Like anyone who first hears the story of Shi Pei Pu and Boursicot, I protested that it didn’t add up. It isn’t difficult, I argued, to discover your lover’s biological gender. Bertaux took the opposite position: he found Boursicot’s explanation adequately, if not entirely, credible.

Boursicot, Bertaux explained, had testified during his espionage trial that the lovers’ trysts were invariably in dark rooms, that Shi Pei Pu had remained covered, and that he had “guided him.” On top of this, Bertaux contended, Shi Pei Pu’s successful manipulation of Boursicot fit their personalities as he knew them: one was a dominant, manipulative person, he said, while the other was quite the opposite.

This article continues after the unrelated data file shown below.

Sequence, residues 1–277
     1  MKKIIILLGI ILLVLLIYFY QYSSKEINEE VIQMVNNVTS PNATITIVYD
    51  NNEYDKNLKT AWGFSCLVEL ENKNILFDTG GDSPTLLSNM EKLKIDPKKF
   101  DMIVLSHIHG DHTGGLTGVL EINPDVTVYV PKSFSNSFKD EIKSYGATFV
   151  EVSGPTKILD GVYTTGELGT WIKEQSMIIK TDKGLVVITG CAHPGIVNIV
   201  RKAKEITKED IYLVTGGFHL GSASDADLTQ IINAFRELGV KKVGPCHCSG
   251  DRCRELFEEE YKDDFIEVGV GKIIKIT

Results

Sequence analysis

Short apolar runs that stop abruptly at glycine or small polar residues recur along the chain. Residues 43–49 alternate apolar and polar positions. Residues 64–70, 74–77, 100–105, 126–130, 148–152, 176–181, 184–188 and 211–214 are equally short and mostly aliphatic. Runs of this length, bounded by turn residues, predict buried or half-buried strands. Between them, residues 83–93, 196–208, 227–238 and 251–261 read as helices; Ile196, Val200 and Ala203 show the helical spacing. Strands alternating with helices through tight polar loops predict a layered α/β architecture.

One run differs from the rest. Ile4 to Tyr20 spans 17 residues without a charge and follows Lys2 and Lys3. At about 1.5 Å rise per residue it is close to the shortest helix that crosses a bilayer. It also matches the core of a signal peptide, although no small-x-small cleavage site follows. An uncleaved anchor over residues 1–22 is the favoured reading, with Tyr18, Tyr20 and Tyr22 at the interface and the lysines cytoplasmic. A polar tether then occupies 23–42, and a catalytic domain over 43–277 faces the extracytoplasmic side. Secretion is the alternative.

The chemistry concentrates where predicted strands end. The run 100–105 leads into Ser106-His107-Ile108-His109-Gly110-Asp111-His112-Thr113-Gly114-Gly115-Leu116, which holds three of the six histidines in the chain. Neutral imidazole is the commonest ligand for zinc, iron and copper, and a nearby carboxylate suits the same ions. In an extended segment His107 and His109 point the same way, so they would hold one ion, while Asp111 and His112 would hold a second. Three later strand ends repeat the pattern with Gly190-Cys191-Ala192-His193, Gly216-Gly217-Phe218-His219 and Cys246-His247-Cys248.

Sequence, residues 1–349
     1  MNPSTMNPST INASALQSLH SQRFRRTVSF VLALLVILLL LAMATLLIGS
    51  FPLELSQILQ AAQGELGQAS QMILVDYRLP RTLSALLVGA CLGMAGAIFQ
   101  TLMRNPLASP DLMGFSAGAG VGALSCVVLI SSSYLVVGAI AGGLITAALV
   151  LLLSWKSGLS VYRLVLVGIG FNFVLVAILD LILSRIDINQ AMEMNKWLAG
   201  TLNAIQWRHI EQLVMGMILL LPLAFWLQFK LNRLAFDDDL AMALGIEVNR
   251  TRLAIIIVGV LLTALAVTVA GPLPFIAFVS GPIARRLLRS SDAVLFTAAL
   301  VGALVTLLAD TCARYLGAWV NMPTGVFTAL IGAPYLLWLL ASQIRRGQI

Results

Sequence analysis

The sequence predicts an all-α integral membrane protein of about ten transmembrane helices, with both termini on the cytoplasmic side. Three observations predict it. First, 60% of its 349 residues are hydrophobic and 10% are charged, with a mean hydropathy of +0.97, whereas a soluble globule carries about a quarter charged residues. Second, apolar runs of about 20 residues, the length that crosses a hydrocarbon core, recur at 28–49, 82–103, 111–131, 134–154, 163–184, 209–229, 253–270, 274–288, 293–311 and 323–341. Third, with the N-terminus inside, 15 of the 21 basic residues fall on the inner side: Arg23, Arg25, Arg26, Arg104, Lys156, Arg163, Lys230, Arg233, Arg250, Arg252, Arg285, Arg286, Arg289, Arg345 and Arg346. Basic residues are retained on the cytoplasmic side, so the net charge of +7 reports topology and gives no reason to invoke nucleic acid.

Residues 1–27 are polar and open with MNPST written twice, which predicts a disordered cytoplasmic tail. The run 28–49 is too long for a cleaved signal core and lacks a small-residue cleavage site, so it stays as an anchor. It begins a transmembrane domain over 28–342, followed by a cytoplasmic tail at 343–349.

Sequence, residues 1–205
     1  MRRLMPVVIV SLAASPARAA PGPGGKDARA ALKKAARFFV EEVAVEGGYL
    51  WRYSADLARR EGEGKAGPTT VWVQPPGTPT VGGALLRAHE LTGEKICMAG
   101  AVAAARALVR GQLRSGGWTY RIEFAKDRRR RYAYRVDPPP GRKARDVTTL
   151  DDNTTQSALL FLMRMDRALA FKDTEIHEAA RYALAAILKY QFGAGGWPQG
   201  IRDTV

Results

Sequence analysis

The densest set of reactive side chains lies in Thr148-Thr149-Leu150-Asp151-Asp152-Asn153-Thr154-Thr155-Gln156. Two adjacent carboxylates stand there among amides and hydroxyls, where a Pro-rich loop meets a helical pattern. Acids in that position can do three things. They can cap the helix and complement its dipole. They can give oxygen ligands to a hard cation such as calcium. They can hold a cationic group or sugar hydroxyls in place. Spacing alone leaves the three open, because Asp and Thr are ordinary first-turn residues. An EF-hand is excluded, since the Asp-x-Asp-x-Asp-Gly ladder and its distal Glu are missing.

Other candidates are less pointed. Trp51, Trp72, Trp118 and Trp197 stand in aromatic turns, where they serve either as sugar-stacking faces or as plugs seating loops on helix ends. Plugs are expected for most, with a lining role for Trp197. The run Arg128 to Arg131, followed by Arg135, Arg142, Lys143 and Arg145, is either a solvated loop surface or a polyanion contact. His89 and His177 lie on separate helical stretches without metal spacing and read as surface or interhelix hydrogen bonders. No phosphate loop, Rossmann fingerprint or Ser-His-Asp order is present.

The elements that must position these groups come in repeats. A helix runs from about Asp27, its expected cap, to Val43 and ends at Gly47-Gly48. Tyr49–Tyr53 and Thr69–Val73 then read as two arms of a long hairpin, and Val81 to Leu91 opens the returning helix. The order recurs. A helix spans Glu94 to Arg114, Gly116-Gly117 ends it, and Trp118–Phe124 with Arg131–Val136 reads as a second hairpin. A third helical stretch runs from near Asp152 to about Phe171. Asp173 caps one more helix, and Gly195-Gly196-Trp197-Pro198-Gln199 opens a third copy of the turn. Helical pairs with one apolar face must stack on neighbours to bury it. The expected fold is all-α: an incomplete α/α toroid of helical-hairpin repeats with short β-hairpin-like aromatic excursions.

But what was particularly fascinating to Bertaux was the depth and certitude of Boursicot’s belief that Shi Pei Pu was a woman. According to Bertaux, Boursicot had always spoken with complete assurance that he was the biological father of Shi Pei Pu’s son. So the key to the mystery, Bertaux proposed, was to discover the foundation of Boursicot’s certainty. How could he be so sure, and yet so dead wrong. How would that work? Was it simply Shi Pei Pu’s skills at manipulation? Was he, in effect, a hypnotist? Or did Shi Pei Pu actually and fully believe that he was a woman to the extent that this overwhelmed Boursicot’s perceptions? Or was there something innate to Boursicot’s character that compelled or inspired him to accept his lover’s asserted gender?  What was at work here?